Because I am essentially kind of heart, I wouldn’t go as far as accusing Michael Howard of playing the race card in announcing the Conservatives’ new policy on asylum and immigration the other day; however, unless he can expand on his comments that millions of foreigners want to get into the UK, I think it is fair to accuse him of playing the “ignorant, irrational fear of immigration” card, which is a very similar thing.
Nowadays, it does seem as if people can give vent to their xenophobia by dressing it up as a legitimate concern over immigration policy. This week, “The Politics Show” went out and did a (notoriously unscientific) vox pop regarding peoples’ views on immigration. The majority (including all the first generation Britons polled) came up with the usual “enough is enough”, “we’re full up”, “I’m not racist but…” arguments. I love the idea that the country is literally full up. Where do these people actually live? Do they spend their entire life queuing shoulder to shoulder for a drink in Wetherspoons? Seeing as the population of the world is supposed to be able to fit on the Isle of Wight, I think we can squeeze a few more people into these islands for a while yet. Perhaps this idea had some currency when we had high levels of unemployment; but today?
Now, let me be clear; I am not arguing against any immigration policy at all. I have no truck with economic migrants posing as asylum seekers, not least because it is unfair on genuine economic migrants who are going through the legitimate channels. As for other legal immigrants, I think is sensible to restrict entrance to people who we believe will benefit our society; it seems crazy to do otherwise. But with these points in mind, what on earth is wrong with people being economic migrants? Why shouldn’t we welcome people who want to live and work in this country? My Mother was an economic migrant from Scotland to England some years ago; if she were from Slovenia, say, would there really be any difference in essence? Some people seem to work from the starting point that economic migration is bad in itself, but may occasionally be a necessary evil to fill certain jobs; but why? Unless you are racist, what argument is there against immigration per se? Why not err on the side that there is nothing wrong with one person moving from one country to another in the understandable desire to improve their life, and that the onus should be on proving that the would be immigrant will not contribute to, or would have a negative effect on, their new nation?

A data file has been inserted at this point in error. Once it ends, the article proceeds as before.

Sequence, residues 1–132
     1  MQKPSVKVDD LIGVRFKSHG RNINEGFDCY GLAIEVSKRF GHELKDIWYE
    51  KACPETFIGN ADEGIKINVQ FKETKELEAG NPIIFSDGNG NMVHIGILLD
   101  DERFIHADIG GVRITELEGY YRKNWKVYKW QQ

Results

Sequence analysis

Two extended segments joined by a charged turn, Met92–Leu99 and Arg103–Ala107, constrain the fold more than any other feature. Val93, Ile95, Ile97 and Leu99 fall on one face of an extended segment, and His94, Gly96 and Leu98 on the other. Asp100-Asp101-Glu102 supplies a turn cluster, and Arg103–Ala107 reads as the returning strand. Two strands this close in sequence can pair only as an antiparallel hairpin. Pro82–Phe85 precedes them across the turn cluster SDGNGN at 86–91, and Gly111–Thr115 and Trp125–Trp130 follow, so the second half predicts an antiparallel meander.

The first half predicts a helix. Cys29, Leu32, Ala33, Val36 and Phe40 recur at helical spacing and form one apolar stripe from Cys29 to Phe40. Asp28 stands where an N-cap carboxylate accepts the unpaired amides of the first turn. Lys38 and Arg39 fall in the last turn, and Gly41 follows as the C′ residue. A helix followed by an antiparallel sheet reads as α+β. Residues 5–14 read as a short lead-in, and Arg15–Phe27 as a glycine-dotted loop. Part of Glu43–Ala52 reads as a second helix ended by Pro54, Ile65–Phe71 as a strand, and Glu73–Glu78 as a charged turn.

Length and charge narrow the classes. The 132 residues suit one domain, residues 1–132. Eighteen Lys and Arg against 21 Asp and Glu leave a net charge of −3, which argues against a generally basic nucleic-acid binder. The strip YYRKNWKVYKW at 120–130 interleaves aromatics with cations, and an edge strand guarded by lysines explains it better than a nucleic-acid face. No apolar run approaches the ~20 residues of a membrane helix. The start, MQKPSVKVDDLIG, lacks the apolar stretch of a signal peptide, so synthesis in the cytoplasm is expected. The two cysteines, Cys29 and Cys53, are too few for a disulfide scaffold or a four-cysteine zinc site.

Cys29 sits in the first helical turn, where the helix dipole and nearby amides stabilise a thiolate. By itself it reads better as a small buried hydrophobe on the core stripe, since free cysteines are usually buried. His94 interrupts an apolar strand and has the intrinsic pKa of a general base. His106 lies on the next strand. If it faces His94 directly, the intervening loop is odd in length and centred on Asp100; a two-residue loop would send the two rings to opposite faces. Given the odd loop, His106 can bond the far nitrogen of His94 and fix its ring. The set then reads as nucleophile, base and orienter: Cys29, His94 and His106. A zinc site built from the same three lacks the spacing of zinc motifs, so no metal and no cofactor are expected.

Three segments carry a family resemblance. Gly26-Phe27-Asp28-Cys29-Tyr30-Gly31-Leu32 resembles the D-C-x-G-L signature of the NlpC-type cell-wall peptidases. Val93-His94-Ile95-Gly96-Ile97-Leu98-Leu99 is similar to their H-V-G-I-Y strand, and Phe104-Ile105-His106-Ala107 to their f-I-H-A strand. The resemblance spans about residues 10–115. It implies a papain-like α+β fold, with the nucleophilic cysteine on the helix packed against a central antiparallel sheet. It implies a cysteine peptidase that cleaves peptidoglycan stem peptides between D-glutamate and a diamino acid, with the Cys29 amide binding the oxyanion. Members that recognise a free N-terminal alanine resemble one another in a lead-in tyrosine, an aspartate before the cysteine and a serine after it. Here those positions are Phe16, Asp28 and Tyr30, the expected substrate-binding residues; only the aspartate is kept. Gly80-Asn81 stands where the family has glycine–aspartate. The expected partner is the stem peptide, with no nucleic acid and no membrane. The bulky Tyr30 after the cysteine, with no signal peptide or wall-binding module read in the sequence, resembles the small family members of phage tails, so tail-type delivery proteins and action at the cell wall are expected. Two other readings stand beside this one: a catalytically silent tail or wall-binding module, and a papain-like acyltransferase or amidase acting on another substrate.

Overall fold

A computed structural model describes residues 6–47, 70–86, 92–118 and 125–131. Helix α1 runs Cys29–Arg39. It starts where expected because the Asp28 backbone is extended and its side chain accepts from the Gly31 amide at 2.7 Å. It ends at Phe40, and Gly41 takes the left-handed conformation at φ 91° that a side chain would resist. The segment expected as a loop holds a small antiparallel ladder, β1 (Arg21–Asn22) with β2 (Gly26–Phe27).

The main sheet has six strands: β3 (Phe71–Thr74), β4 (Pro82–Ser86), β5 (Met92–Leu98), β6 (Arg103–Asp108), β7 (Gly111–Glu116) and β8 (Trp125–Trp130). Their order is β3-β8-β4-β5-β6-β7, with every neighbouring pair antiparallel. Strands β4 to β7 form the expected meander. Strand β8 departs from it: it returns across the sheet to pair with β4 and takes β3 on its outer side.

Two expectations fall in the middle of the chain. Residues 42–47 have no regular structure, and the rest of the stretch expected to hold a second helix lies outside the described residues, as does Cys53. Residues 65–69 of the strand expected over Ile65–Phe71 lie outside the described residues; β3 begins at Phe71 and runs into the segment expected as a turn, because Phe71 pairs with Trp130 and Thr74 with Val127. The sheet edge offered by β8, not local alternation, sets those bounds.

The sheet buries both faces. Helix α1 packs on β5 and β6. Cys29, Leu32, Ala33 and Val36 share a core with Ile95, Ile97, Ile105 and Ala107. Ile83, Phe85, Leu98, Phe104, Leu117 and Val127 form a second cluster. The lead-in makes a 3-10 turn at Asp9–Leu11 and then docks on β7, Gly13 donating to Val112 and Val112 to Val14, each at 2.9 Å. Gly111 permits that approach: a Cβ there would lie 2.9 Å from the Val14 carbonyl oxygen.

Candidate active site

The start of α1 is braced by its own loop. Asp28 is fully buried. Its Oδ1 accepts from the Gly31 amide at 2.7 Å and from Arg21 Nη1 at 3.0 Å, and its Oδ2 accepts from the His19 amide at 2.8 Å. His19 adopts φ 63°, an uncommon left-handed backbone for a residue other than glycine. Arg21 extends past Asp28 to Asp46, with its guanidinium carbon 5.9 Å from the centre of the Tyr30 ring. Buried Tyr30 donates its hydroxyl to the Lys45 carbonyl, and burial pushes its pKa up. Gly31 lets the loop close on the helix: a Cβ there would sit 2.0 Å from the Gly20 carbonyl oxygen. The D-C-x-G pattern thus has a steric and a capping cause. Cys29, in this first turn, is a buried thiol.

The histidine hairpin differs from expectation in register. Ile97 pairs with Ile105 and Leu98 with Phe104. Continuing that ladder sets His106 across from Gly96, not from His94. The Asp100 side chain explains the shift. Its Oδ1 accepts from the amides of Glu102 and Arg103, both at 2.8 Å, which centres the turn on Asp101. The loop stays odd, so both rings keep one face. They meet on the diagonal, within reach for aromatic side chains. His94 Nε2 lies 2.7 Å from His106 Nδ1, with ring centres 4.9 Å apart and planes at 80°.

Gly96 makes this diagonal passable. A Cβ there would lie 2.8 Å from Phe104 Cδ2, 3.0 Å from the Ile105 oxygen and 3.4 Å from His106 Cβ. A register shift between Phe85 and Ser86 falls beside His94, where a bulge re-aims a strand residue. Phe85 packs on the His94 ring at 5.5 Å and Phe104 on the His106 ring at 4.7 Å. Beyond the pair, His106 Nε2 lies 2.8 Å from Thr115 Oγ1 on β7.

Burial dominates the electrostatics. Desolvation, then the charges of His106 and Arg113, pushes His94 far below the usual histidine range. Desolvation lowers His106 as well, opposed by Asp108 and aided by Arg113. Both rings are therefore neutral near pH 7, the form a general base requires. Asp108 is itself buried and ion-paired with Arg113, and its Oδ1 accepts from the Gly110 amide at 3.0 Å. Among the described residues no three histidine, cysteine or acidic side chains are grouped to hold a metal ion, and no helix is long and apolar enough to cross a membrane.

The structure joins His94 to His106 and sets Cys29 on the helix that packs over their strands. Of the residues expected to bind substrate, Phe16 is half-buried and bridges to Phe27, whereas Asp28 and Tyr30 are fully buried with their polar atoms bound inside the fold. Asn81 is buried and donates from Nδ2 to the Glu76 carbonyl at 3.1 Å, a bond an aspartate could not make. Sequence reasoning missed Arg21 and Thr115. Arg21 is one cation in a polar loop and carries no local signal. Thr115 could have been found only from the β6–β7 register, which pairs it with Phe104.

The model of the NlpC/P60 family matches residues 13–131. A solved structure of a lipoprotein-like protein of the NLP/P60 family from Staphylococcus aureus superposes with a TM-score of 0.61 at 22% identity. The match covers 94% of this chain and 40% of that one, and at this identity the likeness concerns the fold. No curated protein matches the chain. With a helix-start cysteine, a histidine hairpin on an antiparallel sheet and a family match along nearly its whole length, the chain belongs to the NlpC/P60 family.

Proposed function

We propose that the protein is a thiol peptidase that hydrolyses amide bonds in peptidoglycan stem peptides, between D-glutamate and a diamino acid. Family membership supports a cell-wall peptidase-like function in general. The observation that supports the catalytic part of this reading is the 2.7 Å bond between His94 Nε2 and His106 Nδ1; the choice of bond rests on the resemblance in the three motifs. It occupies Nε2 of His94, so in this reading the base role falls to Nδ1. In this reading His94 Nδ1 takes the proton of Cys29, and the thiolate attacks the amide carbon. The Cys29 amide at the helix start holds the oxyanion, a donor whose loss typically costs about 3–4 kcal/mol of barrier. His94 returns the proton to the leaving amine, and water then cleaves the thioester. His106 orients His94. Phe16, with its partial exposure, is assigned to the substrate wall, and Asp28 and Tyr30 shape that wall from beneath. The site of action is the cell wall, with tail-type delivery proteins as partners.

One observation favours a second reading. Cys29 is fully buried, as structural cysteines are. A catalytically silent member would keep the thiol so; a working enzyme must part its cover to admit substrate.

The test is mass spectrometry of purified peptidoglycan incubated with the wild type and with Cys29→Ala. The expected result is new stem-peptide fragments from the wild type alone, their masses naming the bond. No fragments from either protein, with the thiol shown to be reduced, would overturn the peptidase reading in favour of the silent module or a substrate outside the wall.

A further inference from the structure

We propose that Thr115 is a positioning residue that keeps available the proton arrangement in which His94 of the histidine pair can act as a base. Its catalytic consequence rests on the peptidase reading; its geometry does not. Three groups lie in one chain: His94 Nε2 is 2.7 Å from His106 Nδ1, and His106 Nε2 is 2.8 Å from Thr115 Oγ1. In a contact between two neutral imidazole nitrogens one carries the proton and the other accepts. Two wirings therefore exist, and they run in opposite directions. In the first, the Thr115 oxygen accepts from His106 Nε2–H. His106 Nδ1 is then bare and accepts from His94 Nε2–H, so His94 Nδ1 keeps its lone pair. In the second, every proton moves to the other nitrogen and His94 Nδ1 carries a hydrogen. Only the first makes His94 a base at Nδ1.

Two arguments which people often use against immigration are that a) immigrants only come here to claim benefit and don’t want to work, and b) immigrants come over here and take our jobs. No wonder such people are scared of these inscrutable foreigners; if they can take our jobs and not work, then you can understand the concern (a similar comment was made last week in Laurence Rees’s latest, timely programme Auschwitz; The Nazis and ‘The Final Solution’. A Slovak recalled how, during the War, everyone knew that the Jews in Slovakia didn’t want to work; he then laughed as he remembered helping to ship out the Jews and take over their businesses. So they owned businesses but didn’t work? A clever trick indeed. No wonder so many anti-Semites believe in a worldwide Jewish conspiracy).